Uncertainty doesn’t necessarily imply a lack of clarity. We can be uncertain about the outcome of a particular event or question, but we can be very clear about the nature of the questions and the likely outcome of a sequence of those events.
The study of global climate change is fraught with uncertainty, as is much of science in general. This isn’t unusual. By its very nature, science must be conservative. Findings and conclusions should have a high degree of statistical significance (that is, you wouldn’t expect them to happen by chance) yet, at the same time those conclusions can never be announced as “certain” or “settled science.”
But that uncertainty doesn’t mean we can’t be clear about the range of possible outcomes of events tied to global warming. Clarity regarding these questions is especially important for policy makers. Given the massive monetary and non-monetary costs to society associated with some policy decisions regarding anthropogenic (human caused) global warming (AGW), it’s important such decisions not be made in the current cauldron of politically-heated rhetoric about AGW.
One way for policy-makers to gain needed clarity and think rationally about governmental responses to the risks of global warming is to model the uncertainty surrounding the key questions that must be addressed in any response.
In “Modeling Climate Change Policy Decisions Using a Probability Tree,” we propose a probability-tree-based model designed to explore a range of scenarios associated with the answers to a sequence of yes/no questions fundamental to the issue of global warming. The questions are:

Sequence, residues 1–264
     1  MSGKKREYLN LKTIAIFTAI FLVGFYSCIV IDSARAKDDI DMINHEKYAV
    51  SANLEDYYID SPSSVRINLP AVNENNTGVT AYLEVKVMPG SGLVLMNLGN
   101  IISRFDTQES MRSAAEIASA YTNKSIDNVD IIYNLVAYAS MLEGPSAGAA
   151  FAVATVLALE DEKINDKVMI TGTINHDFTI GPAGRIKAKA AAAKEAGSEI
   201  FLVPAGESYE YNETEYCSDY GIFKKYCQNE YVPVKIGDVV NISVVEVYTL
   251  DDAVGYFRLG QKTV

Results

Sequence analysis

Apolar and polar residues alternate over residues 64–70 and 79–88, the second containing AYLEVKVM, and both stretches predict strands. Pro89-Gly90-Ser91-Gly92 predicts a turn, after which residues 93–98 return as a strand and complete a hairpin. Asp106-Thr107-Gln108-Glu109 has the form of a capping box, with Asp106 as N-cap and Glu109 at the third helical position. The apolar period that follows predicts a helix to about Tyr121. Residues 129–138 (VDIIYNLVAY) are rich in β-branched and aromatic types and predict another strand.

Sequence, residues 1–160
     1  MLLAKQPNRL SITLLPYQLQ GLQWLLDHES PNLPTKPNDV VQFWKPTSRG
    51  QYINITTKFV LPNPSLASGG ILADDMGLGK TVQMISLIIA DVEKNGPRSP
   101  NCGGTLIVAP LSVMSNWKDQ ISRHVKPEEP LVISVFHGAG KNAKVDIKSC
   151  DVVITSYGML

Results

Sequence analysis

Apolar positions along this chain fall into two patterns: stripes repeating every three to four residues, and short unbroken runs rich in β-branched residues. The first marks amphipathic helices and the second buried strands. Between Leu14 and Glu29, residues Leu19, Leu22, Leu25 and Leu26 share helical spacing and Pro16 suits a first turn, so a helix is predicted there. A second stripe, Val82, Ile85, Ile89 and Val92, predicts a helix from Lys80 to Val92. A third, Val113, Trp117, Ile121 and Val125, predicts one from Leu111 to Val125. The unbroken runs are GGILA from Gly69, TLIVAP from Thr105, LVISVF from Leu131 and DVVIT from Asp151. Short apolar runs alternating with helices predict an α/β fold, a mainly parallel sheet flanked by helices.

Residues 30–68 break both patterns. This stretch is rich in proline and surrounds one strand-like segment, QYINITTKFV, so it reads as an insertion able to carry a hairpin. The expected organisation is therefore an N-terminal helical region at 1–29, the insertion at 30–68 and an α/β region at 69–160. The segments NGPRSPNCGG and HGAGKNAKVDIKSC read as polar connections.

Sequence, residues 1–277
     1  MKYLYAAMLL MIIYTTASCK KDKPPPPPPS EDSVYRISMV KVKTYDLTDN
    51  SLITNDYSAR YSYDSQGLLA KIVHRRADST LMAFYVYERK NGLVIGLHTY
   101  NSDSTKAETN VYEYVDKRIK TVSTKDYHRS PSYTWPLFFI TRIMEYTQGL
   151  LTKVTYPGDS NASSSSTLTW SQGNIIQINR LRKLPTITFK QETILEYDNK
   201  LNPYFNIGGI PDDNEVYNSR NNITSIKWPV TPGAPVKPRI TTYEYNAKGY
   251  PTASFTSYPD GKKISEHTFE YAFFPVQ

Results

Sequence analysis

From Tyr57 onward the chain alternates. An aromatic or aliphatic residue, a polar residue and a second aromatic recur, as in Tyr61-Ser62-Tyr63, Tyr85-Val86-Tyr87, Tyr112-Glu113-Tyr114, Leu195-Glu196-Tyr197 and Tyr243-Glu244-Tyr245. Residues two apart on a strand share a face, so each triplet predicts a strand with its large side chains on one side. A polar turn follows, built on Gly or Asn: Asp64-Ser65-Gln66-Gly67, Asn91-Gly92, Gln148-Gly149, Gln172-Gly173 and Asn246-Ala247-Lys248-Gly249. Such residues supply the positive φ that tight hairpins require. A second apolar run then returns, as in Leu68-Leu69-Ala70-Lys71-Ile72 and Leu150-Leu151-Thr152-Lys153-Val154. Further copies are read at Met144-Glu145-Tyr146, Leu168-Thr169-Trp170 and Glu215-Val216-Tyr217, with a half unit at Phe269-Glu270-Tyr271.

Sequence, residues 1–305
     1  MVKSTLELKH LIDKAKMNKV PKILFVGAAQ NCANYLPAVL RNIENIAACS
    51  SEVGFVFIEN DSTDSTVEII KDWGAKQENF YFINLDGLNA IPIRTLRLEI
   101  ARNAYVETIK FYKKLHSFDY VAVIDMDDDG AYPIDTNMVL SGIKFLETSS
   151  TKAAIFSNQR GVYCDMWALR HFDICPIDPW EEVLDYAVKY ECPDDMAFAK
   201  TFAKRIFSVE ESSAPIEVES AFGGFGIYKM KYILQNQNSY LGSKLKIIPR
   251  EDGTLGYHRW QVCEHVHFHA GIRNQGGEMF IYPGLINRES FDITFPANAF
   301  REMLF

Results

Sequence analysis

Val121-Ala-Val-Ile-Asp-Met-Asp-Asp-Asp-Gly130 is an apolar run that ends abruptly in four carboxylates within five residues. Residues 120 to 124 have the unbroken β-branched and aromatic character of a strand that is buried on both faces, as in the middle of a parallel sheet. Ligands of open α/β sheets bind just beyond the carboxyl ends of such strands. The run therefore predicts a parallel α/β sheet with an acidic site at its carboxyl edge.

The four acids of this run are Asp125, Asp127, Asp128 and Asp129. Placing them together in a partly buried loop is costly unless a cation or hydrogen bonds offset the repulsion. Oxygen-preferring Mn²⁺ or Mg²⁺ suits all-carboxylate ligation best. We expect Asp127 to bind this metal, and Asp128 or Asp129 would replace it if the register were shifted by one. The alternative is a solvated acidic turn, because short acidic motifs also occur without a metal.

- Is the earth actually warming?
- If the earth is warming, is this actually a problem?
- If the earth is warming, and this is a problem, is human activity causing the warming?
- If human activity is the primary cause of global warming, will reducing this activity also reduce global warming?
- If human activity is not the primary cause of global warming, is it still possible to stop it?
You’ll notice that the first three questions are in direct sequence, each one conditioned on the probability of the previous question being a yes or a no. The last two questions are each conditioned on the positive or negative outcome of question three. It’s clear that such a sequence of questions can be modeled in the form of a tree with branches representing the outcomes. Following the branches sequentially through the tree results in six unique paths, or scenarios.
As we show in this paper, each of these scenarios corresponds to a general policy response ranging from “do nothing, because global warming doesn’t exist or is not really a problem,” to the need for taking action, whether such action is a reduction of carbon-dioxide emissions or defensive measures to protect vulnerable regions of the world from the inevitable effects of global warming.
If you think this approach to modeling global warming policy outcomes and possible responses seems a bit naïve, you may be surprised. Tweaking the model and experimenting with various probabilities suggests that, even granting that global warming is real, is a problem, and humans are responsible, the probability that we can undo it by reducing carbon-dioxide emissions is very sensitive to changes in probabilities between yes and no.
Perhaps another reason to be careful when formulating policy under high degrees of uncertainty.